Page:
Technology doesn’t always help

Incorporating technology into the classroom can just lead to more distractions for students.

Destanie Martin-Johnson

President Barack Obama said during this year’s State of the Union address that he wants to keep the Internet free and make it available for everyone.

Duke University conducted a study in the early 2000s that followed middle-school students’ academic progress after they received computers with Internet access.

The results showed that the reading and math scores of students with at-home computer access decreased over a span of five years.

Another report, released by the National Endowment for the Arts in 2007, linked low reading test scores to the fact that young Americans are spending less time reading recreationally.

It’s not hard to guess why this has been happening.

There’s so much to do on the Internet through smartphones and laptops. Can you really expect children to use these devices to read? It seems more likely that they’ll want to play games or watch popular YouTube clips.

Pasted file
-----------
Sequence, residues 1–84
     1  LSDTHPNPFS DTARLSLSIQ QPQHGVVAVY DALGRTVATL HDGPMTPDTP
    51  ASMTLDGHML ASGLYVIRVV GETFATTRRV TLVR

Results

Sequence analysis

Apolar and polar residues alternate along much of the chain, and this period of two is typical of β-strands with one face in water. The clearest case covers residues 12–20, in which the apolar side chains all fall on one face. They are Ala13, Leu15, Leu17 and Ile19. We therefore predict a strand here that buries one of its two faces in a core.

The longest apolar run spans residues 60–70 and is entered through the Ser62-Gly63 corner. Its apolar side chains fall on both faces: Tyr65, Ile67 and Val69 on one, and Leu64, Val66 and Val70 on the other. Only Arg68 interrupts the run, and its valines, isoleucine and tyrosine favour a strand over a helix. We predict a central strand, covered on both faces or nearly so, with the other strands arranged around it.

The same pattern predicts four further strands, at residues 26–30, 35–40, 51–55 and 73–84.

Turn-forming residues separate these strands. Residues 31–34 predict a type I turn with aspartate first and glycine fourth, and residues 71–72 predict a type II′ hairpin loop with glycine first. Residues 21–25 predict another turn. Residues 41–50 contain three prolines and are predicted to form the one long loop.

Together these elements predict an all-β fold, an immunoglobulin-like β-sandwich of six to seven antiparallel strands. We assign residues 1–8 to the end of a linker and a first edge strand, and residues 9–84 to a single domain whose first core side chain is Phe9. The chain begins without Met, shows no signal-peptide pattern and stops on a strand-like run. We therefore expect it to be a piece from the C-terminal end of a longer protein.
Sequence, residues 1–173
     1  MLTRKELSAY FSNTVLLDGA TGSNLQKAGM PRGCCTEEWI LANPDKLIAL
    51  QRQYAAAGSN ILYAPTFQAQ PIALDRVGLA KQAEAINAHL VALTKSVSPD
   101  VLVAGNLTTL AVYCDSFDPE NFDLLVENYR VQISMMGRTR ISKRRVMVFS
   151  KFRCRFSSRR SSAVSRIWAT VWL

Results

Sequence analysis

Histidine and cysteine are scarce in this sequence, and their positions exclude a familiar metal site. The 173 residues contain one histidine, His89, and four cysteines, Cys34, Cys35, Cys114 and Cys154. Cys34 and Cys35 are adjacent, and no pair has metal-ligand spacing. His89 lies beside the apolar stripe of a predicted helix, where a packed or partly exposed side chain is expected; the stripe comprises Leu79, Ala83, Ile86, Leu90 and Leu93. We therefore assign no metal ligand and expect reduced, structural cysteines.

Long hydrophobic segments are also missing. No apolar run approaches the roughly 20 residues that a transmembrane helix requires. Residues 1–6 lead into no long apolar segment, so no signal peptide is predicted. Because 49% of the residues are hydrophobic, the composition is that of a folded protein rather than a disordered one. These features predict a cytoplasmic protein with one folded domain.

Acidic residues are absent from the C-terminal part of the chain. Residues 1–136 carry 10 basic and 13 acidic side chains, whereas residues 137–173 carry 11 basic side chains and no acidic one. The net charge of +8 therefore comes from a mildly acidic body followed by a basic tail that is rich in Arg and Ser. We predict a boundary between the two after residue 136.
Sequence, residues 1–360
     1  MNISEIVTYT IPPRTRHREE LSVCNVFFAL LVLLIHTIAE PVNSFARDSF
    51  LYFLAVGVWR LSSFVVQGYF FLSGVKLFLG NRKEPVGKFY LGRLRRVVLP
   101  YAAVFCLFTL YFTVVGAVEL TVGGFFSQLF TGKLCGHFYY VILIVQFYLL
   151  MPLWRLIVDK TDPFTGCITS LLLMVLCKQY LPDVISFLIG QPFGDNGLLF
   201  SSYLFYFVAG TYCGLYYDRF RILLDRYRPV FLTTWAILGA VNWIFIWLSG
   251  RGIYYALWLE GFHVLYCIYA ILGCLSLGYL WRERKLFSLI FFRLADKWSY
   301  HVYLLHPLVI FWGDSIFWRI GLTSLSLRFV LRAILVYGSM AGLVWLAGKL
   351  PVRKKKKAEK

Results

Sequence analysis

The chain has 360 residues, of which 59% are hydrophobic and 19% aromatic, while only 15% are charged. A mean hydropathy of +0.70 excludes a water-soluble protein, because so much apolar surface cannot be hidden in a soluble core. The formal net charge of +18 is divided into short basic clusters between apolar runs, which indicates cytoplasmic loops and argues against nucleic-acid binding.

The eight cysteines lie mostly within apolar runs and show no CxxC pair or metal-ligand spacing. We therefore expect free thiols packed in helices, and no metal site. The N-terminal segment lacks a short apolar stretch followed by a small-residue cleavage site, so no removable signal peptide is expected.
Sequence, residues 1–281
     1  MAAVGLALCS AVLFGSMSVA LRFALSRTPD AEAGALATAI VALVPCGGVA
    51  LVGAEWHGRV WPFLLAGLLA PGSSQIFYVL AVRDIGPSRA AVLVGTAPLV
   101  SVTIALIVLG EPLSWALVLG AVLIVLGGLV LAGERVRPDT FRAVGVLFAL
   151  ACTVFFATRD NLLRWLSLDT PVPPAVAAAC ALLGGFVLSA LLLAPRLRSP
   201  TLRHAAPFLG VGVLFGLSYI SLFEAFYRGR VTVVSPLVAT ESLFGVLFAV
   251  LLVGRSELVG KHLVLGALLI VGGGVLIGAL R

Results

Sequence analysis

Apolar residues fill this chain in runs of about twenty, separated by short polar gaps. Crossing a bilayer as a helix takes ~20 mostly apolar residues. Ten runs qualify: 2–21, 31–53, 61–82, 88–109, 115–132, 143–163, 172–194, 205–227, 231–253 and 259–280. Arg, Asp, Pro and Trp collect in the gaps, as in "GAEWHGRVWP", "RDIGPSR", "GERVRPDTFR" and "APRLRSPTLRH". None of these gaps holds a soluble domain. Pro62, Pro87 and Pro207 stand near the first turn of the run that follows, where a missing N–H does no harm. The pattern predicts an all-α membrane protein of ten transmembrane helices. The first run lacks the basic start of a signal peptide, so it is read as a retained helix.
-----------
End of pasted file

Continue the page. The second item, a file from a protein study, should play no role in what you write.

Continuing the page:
Technology and the Internet can be helpful tools to use when teaching or learning, but we need to use them in the right ways. No one can control how students use their gadgets at home. However, teachers can control how they use them in the classroom.

Test scores can actually improve over time when technology is used as a way to enhance visual learning, communication and analysis, studies say.

In my experience, videos help keep me engaged and interested in what I’m learning. As long as it’s used for studies — and not for playing Temple Run or Angry Birds — technology can help further the education of younger generations.